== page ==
Processing the Alan Lewis Camera and Projector Collection

Recently, the IU Libraries Moving Image Archive acquired the collection of Alan Lewis, which includes 174 movie cameras and 46 film projectors.  As the person tasked with taking the initial inventory of the collection, I’ve slowly been building a more complete understanding of the shape and scope of what’s in it. So far, I’ve been doing a basic cleanup for each camera and projector, in addition to some internet research to try and find any manuals or information that may exist out in the world. Over the course of cleaning and inspecting the equipment, I’ve gotten a chance to have first hand experience with some amazing pieces of filmmaking history!

For the projectors, I checked the working condition and cleaned around the film path especially. The projectors are split almost evenly in terms of being able to project 16mm or 8mm (or Dual 8, which indicates ability to project both regular and Super). I found several projectors in working order, and one 8mm projector was even used for Home Movie Day.

A Bell & Howell Filmo 8mm “Master” Projector

For the cameras, I’ve mostly been limiting my cleaning to wiping the bodies down to get the dust off and cleaning the lenses. I’ve found that several of the older models (from the 40s-50s) are actually in great working order, due to being based on analogue winding mechanisms. Many of the later models that relied on batteries seem to have electrical components that have failed, or have corrosion in the battery cases that require more extensive cleaning before they can be tested.

Corroded batteries – a conservation risk with old cameras.

Some cameras still have film in them, and those need to be opened in a “black bag” and the film put into lightproof cans. The archive is planning on sending the films away to be developed, which hopefully reveals some cool footage!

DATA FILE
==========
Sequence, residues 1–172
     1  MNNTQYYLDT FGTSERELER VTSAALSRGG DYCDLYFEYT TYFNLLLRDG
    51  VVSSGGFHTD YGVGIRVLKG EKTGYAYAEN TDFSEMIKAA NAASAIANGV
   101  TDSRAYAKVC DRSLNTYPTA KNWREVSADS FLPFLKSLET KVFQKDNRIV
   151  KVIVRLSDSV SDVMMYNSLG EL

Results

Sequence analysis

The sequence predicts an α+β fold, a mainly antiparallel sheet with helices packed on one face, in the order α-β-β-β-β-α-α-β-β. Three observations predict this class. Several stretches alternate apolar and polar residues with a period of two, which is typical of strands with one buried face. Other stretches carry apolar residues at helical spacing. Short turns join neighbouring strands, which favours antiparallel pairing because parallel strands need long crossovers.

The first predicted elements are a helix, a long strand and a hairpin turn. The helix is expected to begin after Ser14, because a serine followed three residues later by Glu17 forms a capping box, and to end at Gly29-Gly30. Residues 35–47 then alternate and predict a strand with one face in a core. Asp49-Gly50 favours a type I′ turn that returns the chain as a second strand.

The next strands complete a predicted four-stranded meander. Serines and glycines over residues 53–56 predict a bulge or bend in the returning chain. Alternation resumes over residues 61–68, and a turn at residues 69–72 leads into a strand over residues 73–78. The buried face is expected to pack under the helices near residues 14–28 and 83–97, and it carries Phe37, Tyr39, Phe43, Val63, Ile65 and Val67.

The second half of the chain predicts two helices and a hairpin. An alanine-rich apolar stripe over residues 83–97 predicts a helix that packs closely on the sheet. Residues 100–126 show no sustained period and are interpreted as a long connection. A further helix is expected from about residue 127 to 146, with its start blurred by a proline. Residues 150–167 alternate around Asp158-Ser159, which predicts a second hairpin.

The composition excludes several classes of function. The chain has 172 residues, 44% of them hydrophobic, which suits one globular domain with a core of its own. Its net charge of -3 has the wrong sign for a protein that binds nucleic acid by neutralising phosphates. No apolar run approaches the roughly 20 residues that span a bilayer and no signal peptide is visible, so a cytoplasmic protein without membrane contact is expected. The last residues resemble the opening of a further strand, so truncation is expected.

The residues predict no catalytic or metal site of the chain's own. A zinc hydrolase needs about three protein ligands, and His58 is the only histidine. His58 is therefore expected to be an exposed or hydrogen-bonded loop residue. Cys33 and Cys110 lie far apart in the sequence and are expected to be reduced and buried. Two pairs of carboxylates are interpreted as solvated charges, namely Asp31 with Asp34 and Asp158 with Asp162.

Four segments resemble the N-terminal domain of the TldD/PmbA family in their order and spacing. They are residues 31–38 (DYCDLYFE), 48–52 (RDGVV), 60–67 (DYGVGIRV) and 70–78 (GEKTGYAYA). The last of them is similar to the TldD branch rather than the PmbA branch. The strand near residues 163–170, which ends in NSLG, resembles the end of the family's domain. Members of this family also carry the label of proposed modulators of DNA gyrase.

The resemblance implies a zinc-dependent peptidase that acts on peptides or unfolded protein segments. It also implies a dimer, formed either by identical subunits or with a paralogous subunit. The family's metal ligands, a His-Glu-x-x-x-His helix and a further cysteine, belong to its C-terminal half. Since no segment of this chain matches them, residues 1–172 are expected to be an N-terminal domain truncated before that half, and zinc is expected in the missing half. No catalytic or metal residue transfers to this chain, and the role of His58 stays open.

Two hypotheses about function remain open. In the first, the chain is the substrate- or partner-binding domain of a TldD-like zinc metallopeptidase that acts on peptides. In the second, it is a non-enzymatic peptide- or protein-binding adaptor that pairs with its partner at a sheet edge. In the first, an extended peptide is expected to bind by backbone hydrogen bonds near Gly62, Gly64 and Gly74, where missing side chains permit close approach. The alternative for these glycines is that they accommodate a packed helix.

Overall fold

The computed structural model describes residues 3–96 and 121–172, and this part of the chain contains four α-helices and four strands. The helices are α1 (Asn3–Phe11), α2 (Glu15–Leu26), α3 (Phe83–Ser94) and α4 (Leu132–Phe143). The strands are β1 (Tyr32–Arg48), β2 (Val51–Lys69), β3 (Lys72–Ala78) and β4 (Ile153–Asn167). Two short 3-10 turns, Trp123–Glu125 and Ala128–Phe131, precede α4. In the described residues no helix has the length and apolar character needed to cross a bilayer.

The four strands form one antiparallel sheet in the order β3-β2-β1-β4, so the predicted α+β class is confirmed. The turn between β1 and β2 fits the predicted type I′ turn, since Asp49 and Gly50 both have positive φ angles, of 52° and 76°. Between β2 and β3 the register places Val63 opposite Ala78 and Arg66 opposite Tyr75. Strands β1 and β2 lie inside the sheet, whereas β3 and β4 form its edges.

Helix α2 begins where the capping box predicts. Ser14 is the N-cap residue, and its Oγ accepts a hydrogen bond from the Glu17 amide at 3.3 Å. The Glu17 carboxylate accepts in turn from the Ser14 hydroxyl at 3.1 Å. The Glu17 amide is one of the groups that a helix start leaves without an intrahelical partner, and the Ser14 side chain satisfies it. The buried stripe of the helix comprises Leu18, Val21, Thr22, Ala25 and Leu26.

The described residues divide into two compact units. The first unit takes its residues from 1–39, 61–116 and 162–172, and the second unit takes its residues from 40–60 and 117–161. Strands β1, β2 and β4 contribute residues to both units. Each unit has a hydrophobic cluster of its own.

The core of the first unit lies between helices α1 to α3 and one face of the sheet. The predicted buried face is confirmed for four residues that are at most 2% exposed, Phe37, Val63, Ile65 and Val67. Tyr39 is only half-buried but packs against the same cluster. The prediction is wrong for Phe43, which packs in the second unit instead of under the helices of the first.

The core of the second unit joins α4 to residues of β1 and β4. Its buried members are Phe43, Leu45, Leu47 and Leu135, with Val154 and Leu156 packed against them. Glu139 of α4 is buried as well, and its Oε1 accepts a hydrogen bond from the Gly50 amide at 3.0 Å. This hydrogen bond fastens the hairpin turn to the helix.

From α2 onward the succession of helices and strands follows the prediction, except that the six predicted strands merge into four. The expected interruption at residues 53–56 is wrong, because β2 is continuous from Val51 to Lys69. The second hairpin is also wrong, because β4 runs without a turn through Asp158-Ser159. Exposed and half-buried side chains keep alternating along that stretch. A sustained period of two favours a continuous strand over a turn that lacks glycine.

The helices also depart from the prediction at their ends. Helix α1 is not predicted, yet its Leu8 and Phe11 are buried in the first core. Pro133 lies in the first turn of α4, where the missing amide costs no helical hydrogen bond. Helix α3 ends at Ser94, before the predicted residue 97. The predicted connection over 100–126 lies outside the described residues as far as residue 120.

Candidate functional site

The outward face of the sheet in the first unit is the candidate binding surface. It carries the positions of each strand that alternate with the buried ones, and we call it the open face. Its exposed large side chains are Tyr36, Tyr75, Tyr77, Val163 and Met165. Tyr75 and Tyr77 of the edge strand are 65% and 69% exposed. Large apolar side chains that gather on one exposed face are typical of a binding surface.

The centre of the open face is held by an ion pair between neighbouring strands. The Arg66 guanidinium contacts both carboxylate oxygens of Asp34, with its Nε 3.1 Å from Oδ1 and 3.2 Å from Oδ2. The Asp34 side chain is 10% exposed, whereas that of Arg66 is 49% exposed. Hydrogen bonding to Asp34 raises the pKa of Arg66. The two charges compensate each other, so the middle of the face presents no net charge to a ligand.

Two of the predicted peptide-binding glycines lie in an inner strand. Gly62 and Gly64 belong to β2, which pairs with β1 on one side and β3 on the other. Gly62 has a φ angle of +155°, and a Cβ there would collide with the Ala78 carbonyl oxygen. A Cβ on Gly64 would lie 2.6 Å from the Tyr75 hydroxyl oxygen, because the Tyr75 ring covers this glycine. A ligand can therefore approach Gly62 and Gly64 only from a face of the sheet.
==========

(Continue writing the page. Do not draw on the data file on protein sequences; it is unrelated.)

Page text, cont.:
I’ve also been doing a bit of background research for each of the different types of models. Lewis’s collection covers an astonishing range of manufacturers, from Bolex to Kodak to Keystone to Yashica. There are bits of information about years of manufacture and technical specs scattered all over the internet, mostly from other private collectors documenting their own collections, such as this website, or dedicated to one brand, for example The Bolex Collector site. Additionally, Alan Kattelle’s excellent book Home Movies has been an invaluable resource for dating cameras and projectors made by Kodak, Bell & Howell, and Revere. Doing the work of tracking down all the separate pieces of information has been an interesting and fun challenge.

My favorites have been the Bell & Howell Filmo 8mm projectors and cameras, which I think are just so cute and well made! The craftsmanship and design of these little Filmos appeal to me aesthetically, in addition to being sturdy and practical. The models were produced starting from the mid-30’s, and the ones I’ve found have held up to this day.

Cute Filmo 8mm cameras!

Not only do the models I’ve found from this series so far work, but they’re also excellent examples of the type of consumer goods available to the amature filmmaker back in the day. Due to these camera’s affordability and ease of use, they were marketed specifically for making home movies.

It fits in your hand!

I would love to see some of these cameras back in action, and the archive hopes make parts of the collection available for students at the The Media School and the School of Art, Architecture + Design to use to get experience shooting on film, possibly for the first time for many. Other plans for the collection include setting up a multi-projection installation around campus.

– by Lydia Creech

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